I drink an incredible volume of tea. While the women above might not have personally picked tea that I have drunk, they are part of the army of low-paid workers who labour in tea plantations across Asia, picking for between a dollar and two dollars a day, which is not much even when adjusted for regional costs of living. Picking tea, as with other agricultural labour, is extremely hard work — and as the person who took this photo pointed out in the description, tea pickers are well aware that tourists find them interesting, and they often demand payment for having their pictures taken. I don’t blame them; I’d want compensation for being viewed like a fascinating tourist attraction too.
Knowing that the tea supply chain is exploitative, I could make a conscious choice to stop drinking it. I could decide that tea wasn’t worth the suffering that went into each cup — except that the same could be said of essentially everything I consume. Everything in my fridge involved suffering. The clothes I am wearing, the cat bed Loki is curled up in, nearly everything I touch was produced by people who were likely exploited to some degree or another, at some point along the supply chain. It’s revolting, and I’m not saying that we should shrug and give up just because everything is awful, but I’m acknowledging a simple fact: We are all trapped in these oppressive systems together.
I favour recognising that and fighting them, working to improve conditions for workers, to change the market, to force companies to supply us with more ethical products, because that’s how I operate. I want to see change happening in the world, and I dream of someday sitting down to a cup of tea grown on a sustainable farm, handled by agricultural workers who received fair pay and benefits, processed by people who weren’t exploited, shipped ethically, dealt with at the distributor and packing facility by workers who get fair wages and good treatment. It’s my dream to be able to say the same of a pair of pants when I pull it on in the morning, to be able to take my medications without thinking of who suffered to produce them.
One thing I do not believe in doing, however, is in belittling people who are trapped in the same oppressive systems I am. When someone comments that sweatshop labour is terrible and it’s particularly appalling to see it used in the production of so-called ‘social justice’ products, for example, I think that’s a totally reasonable comment to make. It’s a reasonable comment to make in any context, honestly, not just criticism of where ‘this is what a feminist look like’ tees come from. Sweatshop labour is awful, yet, if you want to basically function in any way, you’re complicit in it, unless you want to go way, way, way off-grid, as in making your own tools (where are the supplies coming from, though?) to build your own house (with materials you personally harvest and work with, right down to the nails you forge or the wooden pins you carve), to growing your own garden (where’d those seeds come from, though), to making your own clothes and bedding and mattresses and…the list goes on, and the sources for the raw materials are not necessarily ethical.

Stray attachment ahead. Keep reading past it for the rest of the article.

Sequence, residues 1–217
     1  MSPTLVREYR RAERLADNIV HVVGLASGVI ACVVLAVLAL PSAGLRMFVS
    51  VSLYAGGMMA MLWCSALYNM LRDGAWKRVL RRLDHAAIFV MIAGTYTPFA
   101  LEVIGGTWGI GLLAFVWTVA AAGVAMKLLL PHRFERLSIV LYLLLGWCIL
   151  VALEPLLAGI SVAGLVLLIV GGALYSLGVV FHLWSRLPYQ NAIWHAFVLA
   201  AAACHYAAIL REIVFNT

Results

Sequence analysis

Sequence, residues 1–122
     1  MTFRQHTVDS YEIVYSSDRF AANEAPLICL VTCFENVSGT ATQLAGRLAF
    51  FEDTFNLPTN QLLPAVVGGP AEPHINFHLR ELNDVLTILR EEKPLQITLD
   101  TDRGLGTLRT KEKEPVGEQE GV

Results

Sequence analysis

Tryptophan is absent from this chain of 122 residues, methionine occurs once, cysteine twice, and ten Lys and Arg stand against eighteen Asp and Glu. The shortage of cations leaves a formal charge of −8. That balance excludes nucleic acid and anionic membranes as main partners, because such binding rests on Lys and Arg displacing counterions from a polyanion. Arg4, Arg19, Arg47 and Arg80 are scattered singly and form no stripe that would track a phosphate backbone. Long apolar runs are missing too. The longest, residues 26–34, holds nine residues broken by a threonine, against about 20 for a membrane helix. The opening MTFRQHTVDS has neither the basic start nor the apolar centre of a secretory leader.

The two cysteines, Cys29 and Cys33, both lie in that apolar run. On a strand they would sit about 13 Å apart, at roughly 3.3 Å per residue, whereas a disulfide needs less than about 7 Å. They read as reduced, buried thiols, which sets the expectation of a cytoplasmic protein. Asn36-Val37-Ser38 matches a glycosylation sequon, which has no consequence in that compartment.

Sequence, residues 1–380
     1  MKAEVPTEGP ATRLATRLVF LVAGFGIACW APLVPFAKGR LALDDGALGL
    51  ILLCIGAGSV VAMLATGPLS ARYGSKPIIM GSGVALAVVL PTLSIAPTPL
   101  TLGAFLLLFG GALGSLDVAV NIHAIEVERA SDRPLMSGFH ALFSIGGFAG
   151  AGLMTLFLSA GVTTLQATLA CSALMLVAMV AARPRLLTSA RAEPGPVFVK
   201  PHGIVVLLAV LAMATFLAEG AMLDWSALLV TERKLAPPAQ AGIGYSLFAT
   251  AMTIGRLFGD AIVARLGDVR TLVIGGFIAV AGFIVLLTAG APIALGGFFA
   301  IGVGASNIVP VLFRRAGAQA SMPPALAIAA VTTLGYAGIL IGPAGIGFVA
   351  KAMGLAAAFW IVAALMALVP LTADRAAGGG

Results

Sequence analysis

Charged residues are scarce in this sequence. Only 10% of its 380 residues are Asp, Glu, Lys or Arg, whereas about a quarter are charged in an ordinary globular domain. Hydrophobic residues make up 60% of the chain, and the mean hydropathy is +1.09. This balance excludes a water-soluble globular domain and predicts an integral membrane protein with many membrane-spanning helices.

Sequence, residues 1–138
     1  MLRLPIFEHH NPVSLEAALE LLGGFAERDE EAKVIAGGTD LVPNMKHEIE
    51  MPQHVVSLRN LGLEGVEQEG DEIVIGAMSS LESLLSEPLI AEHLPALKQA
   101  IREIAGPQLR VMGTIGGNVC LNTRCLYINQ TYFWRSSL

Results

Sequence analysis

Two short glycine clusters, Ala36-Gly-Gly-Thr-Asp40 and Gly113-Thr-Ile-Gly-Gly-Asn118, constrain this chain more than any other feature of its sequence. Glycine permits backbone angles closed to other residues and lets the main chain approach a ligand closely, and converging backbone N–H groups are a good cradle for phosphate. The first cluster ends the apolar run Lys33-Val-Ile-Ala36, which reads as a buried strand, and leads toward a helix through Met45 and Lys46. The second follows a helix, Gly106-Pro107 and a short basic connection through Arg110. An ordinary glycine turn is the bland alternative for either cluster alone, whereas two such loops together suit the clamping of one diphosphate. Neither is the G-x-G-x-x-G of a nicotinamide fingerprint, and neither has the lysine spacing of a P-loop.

I don’t see the point in labeling people as hypocritical when they criticise oppressive systems. If I did, I’d have to shut up about oppression myself, because I, too, am trapped in it. If you need to be totally outside of something to criticise it, in fact, everyone should just be quiet about exploitation in the agricultural industry, about sweatshops, about worker abuse in general. Because none of us is above all that; those ‘sustainable’ and ‘ethical’ products purchased at high price points often come with hidden costs that their purchasers are curiously disinterested in exploring, for example, and thus, even they, the ‘perfect ones,’ are still complicit in these systems.
Maybe someone can afford to make her own clothes and has made that a priority in her life, because she has the time, the skills, and the money. It’s likely that the textiles she’s using come from exploited sources, because it is extremely difficult to find ethical textiles, but at least she’s addressing one small component of the system. And that is great! I totally support her, and think it is wonderful that she does that, and wish more people could, and think it is fantastic when she offers to mentor and teach people who are interested. But my hackles can and will go up if she insists that everyone do the same, and that everyone who doesn’t should just shut up about the garment trade.
Because no. Because you do not get to rampantly belittle people who can’t achieve your personal level of perfection due to very real and understandable social, political, and personal obstacles. Everyone does what they can, and we are all in this fight together. Why should we be attacking people who are at least trying to be aware of issues, and, in many cases, trying to be self aware? Why aren’t we directing our energies at the systems that trap us? I am reminded, as I so often am, of the crabs in a bucket metaphor, and how many people seem more focused on tearing at each other than tearing down the systems that surround us. Together, we can smash through the walls of the bucket. Or we can just keep scrabbling at each other, hoping that no one gets out.
Image: Tea Pickers, Cisarua Bogor, Danamurthi Mahendra, Flickr